TONY STEWART Lookin' Sharp Entering Sharpie 500 KANNAPOLIS, N.C. (Aug. 19, 2009) -- Tony Stewart is leading the NASCAR Sprint Cup Series in points (3,500), top-fives (13) and top-10s (18). Needless to say, the driver of the No. 14 Office...
Lookin' Sharp Entering Sharpie 500
KANNAPOLIS, N.C. (Aug. 19, 2009) -- Tony Stewart is leading the NASCAR Sprint Cup Series in points (3,500), top-fives (13) and top-10s (18). Needless to say, the driver of the No. 14 Office Depot/Old Spice Chevrolet Impala SS for Stewart-Haas Racing (SHR) is looking pretty sharp entering Saturday night's Sharpie 500 at Bristol (Tenn.) Motor Speedway.
By simply starting last Sunday's Sprint Cup race at Michigan International Speedway in Brooklyn, Stewart secured his spot in the 12-driver Chase for the Championship three races before the 10-race Chase begins Sept. 20 at New Hampshire Motor Speedway in Loudon.
While his competitors root and gouge their way around Bristol's .533-mile oval as they clamor to make the Chase, Stewart can focus on going all-out for the win. Beginning at Bristol, the two-time Sprint Cup champion essentially has three trophy dashes, for winning is all that really matters.
Each win carries a 10-point bonus into the Chase when the top-12 drivers have their respective point tallies reset to 5,000. Stewart currently has three point-paying wins, giving him 30 points. But Mark Martin has four victories, and provided he makes the Chase, the venerable driver will assume the point lead after the series' final regular-season race at Richmond (Va.) International Raceway.
Stewart is intent on remaining atop the point standings. He first took the point lead 11 races ago at Dover (Del.) International Speedway and hasn't relinquished it since. Only two other times has Stewart ever led the points -- in 2002 after round 30 at Talladega (Ala.) Superspeedway and in 2005 after round 21 at Indianapolis Motor Speedway. Both times he kept the lead straight through the end of the season to win the championship. This is the earliest Stewart has ever led the point standings, but he plans on history repeating itself by holding onto the lead right through the season finale Nov. 22 at Homestead-Miami Speedway.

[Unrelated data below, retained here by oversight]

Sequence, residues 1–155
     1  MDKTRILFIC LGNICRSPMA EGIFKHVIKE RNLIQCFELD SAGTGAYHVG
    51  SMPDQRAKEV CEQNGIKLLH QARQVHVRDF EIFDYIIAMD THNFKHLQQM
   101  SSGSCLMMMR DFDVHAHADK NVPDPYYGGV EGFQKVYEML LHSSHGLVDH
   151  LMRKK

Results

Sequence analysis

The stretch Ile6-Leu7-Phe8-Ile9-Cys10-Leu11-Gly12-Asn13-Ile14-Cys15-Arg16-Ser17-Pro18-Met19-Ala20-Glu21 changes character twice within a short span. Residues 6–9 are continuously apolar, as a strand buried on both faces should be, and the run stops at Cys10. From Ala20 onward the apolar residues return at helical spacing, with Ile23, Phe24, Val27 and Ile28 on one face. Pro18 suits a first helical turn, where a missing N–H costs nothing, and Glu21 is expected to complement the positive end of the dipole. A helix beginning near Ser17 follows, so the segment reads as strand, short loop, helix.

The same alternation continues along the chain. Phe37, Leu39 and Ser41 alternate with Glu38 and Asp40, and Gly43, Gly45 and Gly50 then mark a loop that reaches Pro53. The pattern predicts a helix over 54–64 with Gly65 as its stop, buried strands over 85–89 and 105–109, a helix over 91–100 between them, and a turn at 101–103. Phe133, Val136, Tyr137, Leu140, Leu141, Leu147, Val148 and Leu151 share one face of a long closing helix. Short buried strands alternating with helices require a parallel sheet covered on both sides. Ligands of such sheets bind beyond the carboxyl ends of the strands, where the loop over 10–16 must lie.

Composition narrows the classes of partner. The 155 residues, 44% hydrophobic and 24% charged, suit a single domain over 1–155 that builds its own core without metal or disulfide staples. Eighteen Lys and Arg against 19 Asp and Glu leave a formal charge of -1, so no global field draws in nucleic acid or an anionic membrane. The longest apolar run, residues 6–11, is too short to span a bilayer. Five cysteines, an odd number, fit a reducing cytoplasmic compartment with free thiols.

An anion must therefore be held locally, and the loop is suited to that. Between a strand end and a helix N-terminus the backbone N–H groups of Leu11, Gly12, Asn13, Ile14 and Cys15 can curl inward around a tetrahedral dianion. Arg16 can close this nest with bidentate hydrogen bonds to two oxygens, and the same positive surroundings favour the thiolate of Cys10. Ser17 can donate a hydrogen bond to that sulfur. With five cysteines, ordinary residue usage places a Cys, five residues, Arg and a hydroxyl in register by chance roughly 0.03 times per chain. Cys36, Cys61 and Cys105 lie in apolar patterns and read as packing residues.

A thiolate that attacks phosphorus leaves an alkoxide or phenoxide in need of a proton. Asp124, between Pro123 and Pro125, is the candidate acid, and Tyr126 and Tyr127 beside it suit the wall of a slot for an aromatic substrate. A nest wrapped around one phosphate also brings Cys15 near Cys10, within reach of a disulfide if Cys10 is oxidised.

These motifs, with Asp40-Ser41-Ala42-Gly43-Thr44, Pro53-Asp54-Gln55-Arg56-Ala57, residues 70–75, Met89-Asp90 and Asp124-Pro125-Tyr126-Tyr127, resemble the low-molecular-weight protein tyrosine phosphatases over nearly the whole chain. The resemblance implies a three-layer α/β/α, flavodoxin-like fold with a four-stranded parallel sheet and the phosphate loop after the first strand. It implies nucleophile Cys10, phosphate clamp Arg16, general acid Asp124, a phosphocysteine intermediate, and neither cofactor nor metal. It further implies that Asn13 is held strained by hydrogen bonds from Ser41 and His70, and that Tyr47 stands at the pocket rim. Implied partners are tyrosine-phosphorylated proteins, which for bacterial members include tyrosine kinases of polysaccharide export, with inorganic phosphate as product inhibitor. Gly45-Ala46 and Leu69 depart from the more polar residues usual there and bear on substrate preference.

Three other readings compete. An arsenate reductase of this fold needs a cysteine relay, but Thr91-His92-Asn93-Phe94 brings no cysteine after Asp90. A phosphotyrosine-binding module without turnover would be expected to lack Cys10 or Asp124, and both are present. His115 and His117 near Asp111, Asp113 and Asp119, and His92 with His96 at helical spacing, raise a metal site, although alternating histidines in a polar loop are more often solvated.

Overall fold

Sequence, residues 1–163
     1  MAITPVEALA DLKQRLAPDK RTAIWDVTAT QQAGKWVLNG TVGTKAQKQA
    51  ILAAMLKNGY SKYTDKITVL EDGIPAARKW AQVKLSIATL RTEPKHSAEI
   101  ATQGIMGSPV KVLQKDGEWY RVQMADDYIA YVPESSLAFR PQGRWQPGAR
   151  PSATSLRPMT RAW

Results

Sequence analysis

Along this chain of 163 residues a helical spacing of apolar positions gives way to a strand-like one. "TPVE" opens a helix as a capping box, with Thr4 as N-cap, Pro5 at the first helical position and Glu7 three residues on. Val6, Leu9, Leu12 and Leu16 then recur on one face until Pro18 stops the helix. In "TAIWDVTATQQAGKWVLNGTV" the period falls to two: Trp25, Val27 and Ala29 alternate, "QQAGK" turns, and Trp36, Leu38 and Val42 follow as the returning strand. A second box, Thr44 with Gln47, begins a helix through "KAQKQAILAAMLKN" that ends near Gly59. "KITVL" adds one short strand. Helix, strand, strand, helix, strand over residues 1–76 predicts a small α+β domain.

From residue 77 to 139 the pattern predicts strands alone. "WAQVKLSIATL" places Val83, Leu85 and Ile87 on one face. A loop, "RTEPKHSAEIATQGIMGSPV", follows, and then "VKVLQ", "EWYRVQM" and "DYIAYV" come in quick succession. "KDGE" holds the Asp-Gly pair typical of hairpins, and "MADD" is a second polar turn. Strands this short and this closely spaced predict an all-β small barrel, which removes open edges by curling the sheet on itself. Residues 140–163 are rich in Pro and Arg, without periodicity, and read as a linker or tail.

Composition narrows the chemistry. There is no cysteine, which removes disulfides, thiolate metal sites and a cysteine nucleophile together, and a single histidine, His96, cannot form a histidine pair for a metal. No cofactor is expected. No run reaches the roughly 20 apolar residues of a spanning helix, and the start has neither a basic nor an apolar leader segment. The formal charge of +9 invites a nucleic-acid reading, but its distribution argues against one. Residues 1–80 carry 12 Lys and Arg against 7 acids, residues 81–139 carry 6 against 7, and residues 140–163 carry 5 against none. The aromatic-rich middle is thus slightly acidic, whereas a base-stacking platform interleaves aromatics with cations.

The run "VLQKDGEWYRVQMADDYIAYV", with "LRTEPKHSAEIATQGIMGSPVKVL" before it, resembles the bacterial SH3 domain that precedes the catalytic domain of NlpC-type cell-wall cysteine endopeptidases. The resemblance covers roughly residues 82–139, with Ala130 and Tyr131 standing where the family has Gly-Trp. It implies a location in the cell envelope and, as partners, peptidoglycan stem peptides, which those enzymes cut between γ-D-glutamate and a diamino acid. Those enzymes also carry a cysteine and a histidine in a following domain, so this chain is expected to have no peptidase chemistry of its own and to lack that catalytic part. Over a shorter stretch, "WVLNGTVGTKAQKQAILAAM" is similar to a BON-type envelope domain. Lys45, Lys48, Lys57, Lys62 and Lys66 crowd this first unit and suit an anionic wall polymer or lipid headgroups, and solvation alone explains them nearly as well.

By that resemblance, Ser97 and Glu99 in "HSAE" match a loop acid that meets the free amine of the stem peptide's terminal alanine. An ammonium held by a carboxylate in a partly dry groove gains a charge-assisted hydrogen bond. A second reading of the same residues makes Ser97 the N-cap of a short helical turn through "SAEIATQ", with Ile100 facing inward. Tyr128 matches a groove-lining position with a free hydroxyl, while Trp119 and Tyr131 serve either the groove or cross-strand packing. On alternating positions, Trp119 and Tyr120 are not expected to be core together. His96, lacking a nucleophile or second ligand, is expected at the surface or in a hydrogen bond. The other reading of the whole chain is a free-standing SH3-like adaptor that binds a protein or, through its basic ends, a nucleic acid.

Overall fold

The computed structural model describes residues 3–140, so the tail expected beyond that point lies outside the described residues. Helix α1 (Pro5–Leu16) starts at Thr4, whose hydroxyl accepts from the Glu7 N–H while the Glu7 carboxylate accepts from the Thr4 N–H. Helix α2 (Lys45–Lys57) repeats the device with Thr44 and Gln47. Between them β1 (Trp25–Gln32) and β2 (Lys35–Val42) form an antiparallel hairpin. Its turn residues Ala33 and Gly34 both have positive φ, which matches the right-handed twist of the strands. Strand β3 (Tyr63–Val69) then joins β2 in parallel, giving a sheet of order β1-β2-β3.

The next stop on the road to Homestead is Bristol, and Stewart, who won the Sharpie 500 in August 2001, aims to lock up another win and the accompanying 10 bonus points.
TONY STEWART, Driver of the No. 14 Office Depot/Old Spice Chevrolet Impala SS for Stewart-Haas Racing:
Now that the Chase for the Championship seems to be taking shape, have you thought about a strategy to use during the final 10-race stretch to the finish?
"If you win races the points take care of themselves. Every week when we go to the track we're going to try to win the race, and if we can't win we'll finish as high as we can and get as many points as we can. Once we do that, the points will just have to be what they are."
With the pressure upon some drivers to make the cut for the Chase, will it make Bristol an even more aggressive race?
"I don't think it'll be any different. I still think when it comes to racing, guys are simply just racing. I think at the end of the day they look at the point standings, but for the most part, the whole time you're out there you're worried about winning the race or doing as well as you can. I really don't think people's mindsets will change."
Do the relatively new double-file restarts at Bristol concern you?
"No, not at all. Everybody's getting used to it. There's nowhere on the schedule the rest of the year where it's going to be an issue. I don't think it's been an issue yet. Yes, there are tracks we go to where you would rather be in one line versus the other, but at some point in the day, it's going to work in your favor and there's going to be some point in the day where it's going to work against you. Bristol's always been good about two-wide racing since they repaved it. The rest of the season, there's not a track on the circuit that I sit there and say, 'Oh man, I'm dreading these restarts here.'"